Risk for wildfire development, spread to increase again this week in southwestern US
By Kyle Elliott, AccuWeather meteorologist
May 11, 2018, 9:22:15 PM EDT
The intense, summerlike heat and abnormally dry conditions that have been plaguing the southwestern United States are in no hurry to leave this week.
High temperatures through midweek will run 10-20 degrees above normal in the Four Corners region and challenge or even break records in many cities.
On Thursday, temperatures in Albuquerque came within one degree of setting a new daily record high.
The Mallard Fire, which broke out southeast of Amarillo, Texas, around midweek, burned over 30,000 acres as of Friday afternoon. The blaze lead to the development of pyrocumulus clouds which sparked lightning around the fire.
Temperatures will continue to hover around the century mark in Phoenix through the weekend.
The ongoing heat will continue to fuel and breed an expanding area of extreme to exceptional drought in the Four Corners region, as well as in southwestern Kansas and the Oklahoma and Texas panhandles.
Over 60 percent of the state of Arizona is currently immersed in extreme drought, according to the latest U.S. Drought Monitor. Only 48 percent of the state was impacted by severe drought the previous week.
The combination of dry soil, parched vegetation, low humidity and heat will lead to an enhanced threat for wildfire development and spread, especially late in the week when gusty winds return to the region.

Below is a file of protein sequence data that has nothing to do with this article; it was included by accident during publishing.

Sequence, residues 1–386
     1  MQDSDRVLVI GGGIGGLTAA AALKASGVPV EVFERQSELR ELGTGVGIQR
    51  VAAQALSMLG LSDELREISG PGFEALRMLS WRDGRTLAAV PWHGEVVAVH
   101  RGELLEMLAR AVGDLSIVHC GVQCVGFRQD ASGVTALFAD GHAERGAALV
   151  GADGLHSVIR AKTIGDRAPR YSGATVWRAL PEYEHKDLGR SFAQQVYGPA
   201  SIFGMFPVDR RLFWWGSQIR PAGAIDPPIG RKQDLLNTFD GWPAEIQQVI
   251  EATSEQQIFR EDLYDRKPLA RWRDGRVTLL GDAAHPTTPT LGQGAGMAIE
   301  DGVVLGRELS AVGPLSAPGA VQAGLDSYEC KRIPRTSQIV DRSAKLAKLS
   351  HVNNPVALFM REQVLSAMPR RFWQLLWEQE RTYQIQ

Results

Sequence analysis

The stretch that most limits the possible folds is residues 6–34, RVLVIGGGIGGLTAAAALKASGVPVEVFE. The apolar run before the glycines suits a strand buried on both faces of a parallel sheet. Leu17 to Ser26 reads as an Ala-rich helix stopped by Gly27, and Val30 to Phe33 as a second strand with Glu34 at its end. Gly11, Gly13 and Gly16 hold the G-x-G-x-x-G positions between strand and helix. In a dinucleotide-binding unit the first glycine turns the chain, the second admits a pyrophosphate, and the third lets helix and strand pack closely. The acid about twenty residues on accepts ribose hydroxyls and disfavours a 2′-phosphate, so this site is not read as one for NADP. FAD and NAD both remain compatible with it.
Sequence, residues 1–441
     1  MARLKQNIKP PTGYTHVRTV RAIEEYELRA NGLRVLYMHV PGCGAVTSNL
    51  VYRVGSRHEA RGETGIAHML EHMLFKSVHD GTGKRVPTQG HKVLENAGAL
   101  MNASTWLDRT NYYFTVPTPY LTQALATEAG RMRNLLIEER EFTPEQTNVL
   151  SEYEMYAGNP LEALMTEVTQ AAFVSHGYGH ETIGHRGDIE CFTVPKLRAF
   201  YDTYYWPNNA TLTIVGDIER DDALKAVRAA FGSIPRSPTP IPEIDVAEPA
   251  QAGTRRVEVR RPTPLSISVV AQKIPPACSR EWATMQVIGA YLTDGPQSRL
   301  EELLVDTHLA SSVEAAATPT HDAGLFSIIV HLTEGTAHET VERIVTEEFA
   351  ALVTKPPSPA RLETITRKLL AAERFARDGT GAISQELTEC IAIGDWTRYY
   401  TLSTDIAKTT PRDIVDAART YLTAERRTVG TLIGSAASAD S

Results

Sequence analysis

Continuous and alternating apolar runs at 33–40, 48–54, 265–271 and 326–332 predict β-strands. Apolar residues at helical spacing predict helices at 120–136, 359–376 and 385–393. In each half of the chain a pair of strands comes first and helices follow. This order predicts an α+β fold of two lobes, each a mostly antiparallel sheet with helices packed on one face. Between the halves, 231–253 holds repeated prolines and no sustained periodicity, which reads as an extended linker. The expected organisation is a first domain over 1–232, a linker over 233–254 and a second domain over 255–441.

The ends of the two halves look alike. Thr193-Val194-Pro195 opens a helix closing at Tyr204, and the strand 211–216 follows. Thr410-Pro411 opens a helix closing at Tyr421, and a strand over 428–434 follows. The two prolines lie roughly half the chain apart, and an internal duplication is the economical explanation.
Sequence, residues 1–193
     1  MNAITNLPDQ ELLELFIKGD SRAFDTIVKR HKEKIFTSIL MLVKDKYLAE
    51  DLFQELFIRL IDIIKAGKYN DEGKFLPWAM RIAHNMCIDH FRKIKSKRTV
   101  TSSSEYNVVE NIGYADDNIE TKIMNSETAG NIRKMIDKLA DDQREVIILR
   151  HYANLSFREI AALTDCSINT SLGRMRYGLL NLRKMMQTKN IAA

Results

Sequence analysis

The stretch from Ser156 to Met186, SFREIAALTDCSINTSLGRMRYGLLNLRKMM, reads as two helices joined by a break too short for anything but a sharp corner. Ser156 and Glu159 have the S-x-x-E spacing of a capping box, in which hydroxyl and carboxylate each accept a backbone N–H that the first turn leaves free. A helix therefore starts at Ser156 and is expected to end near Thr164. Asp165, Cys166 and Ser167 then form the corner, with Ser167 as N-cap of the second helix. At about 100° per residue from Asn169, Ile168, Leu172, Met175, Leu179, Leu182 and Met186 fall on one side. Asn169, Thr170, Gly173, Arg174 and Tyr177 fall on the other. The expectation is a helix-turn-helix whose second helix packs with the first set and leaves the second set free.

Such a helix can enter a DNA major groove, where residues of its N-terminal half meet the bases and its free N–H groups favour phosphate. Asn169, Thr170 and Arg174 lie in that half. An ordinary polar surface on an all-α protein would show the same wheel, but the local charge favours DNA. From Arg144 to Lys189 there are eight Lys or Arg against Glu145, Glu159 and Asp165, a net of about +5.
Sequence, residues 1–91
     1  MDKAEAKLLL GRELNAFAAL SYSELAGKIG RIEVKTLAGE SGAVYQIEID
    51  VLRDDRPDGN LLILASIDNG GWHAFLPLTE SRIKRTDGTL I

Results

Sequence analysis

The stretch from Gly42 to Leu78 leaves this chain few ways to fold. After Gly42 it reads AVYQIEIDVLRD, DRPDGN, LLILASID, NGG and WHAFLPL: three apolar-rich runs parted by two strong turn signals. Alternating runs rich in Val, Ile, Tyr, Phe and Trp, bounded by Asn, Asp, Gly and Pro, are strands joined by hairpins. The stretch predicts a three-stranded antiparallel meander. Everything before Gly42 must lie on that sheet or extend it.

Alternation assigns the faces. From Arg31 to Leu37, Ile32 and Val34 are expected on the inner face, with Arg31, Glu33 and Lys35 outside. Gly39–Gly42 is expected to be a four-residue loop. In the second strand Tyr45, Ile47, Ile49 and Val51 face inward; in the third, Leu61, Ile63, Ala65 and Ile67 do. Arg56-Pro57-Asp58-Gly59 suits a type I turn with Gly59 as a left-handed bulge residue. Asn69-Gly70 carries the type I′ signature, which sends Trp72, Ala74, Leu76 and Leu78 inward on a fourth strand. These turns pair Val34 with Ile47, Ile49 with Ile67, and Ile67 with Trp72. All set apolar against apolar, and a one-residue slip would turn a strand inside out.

The Tinder Fire in Arizona, which has been burning since April 27, has scorched over 16,300 acres of land and destroyed 33 homes, according to Inciweb. As of Monday morning, the fire was 79 percent contained with over 270 personnel still battling the blaze.
In southwestern New Mexico, the OK Bar Fire that was ignited by lightning on April 22 has burned nearly 60,000 acres and is still not fully contained.
“Any spotted fires should be reported to the authorities, and residents should be careful when disposing of cigarettes, burning outdoors and parking over dry foliage in order to prevent accidentally starting a fire,” AccuWeather Meteorologist Faith Eherts warned.
A pair of storm systems diving southward through the central Rockies spanning through Saturday will help to kick winds back up across the Southwest. Blowing dust and crosswinds threaten to create hazardous driving conditions for motorists, especially when traveling at highway speeds.
These detrimental weather conditions also threaten setbacks to ongoing firefighting efforts and may make it difficult to maintain current containment status.
“The prolonged heat can perpetuate heat-related health concerns, while the strong winds hinder ongoing firefighting efforts,” Eherts added.
While clouds and showers may bring much-needed relief from the heat and drought in portions of Utah and Colorado by week’s end, little if any precipitation is expected outside of the highest terrain of Arizona and New Mexico.
Another prolonged stretch of dry, hot weather is forecast to build into to the area next week.
“Dry conditions and above-normal temperatures are expected to dominate the western U.S. spanning May 16-20, with cooler air and showers confined to the Pacific Northwest late in the period,” said AccuWeather Lead Long-Range Meteorologist Paul Pastelok.
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